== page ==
A group of 12 Development and Peace members from the Prairies and the Atlantic provinces, accompanied by two staff members, are on a solidarity trip to the Philippines. They will be visiting eight Development and Peace partners and some of their projects in the capital city of Manila, in southern Mindanao and on the islands of Leyte and Samar – where Yolanda (the Filipino name for Typhoon Haiyan) first made landfall on November 8th of last year. We invite you to follow their adventures and learnings as they travel through the Philippines for the next two weeks.
Today our group was able to see first-hand the result of years of dedication, optimism and very hard work. We met with two of our partners who are both working on similar housing rights projects for the urban poor.
The first partner we met was the Community Organizers Multiversity (COM) which is supporting a local community in their struggle for housing rights. Despite the fact that COM is the driving force in the project, its staff were on the periphery for this meeting as they allowed representatives from the community organization, APOAMF, to present to us. The meeting was held in an informal settlement, or slum, allowing us to see clearly into the lives of these people. APOAMF is made up of urban poor who live alongside the Manggahan floodway in Pasig City, a division of Metro Manila. Just over four years ago they were faced with eviction and forced relocation from their homes as the government wanted a new development in the area.
The second partner we met was Urban Poor Associates (UPA) in Manila. We first met in their office where the executive director, Denis Murphy, gave us some background into the situation. Much like the first group, a community of urban poor were being forced to relocate as there was pressure to clean up the area where they were living and slums are not a part of this vision.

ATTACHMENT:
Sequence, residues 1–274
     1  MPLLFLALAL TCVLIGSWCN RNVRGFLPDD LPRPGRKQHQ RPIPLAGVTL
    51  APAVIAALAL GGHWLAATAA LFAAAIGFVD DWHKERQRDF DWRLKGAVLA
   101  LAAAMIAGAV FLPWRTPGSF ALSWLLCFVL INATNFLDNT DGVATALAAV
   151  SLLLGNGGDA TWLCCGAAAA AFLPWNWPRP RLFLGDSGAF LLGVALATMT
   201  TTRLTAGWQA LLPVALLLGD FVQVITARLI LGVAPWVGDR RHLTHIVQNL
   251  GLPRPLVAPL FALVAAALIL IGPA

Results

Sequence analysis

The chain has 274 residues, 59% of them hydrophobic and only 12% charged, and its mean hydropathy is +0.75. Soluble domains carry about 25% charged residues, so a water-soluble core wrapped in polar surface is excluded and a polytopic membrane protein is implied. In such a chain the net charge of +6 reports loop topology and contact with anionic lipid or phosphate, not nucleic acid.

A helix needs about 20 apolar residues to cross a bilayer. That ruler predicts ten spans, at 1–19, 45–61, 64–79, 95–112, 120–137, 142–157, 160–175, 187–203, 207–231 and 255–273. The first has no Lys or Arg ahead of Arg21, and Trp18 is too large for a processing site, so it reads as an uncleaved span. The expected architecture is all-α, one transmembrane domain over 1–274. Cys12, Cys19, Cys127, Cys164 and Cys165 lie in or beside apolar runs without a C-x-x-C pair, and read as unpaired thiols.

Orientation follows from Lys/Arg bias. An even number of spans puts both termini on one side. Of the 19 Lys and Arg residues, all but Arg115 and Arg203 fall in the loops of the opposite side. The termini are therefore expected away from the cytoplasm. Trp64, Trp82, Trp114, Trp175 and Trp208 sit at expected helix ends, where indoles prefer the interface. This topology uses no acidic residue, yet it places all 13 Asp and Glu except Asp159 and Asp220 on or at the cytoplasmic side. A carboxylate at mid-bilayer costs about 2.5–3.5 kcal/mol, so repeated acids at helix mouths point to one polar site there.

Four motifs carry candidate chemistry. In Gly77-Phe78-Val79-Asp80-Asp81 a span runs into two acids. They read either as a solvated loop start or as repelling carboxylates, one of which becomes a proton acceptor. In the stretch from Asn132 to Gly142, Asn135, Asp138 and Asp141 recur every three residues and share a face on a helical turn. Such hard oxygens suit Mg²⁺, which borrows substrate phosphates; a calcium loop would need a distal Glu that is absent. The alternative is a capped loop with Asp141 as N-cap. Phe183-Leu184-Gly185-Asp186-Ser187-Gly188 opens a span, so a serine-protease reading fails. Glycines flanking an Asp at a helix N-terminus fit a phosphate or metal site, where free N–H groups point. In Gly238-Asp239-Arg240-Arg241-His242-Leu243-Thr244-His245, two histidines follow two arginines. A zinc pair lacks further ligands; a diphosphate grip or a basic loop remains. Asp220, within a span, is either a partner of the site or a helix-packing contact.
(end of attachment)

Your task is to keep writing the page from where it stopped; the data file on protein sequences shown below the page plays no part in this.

For both of these communities, the location where the government wanted to relocate them was 100 km away from Manila, over a four-hour drive. This displacement would mean them leaving family, schools and jobs. They would also lose their ability to support themselves as they would not have the same opportunities as the city.
The communities both began to look into their housing rights and organized themselves, with support from Development and Peace’s partners, to find a better alternative. After 4-5 years of meetings and planning both groups were able to come to an agreement with the housing authority to build low-rise apartment buildings rather than be relocated.
We were able to visit the construction sites of both housing projects. The group working with COM are building apartment-style structures across the street from their current homes that are able to house 60 families with five family members inhabiting a 24m2 unit. Currently two buildings are under construction and more are being planned to house a total of 900 families. The second community group, supported by UPA, has completed one model home so far with the bottom level designed for commercial businesses and the top two floors each having a 18m2 units. The idea for these units is that if there is flooding the housing units will not be affected.
Upon reflecting with our group at the end of the day, it was brought up that these projects were both small steps in that, for both these communities, they are just at the beginning of starting over, and in the big picture of Manila, they are only a drop in the bucket. However, for each of these communities it is a major step toward defending their human rights and allowing them to realize the extent of the control they have over their own lives.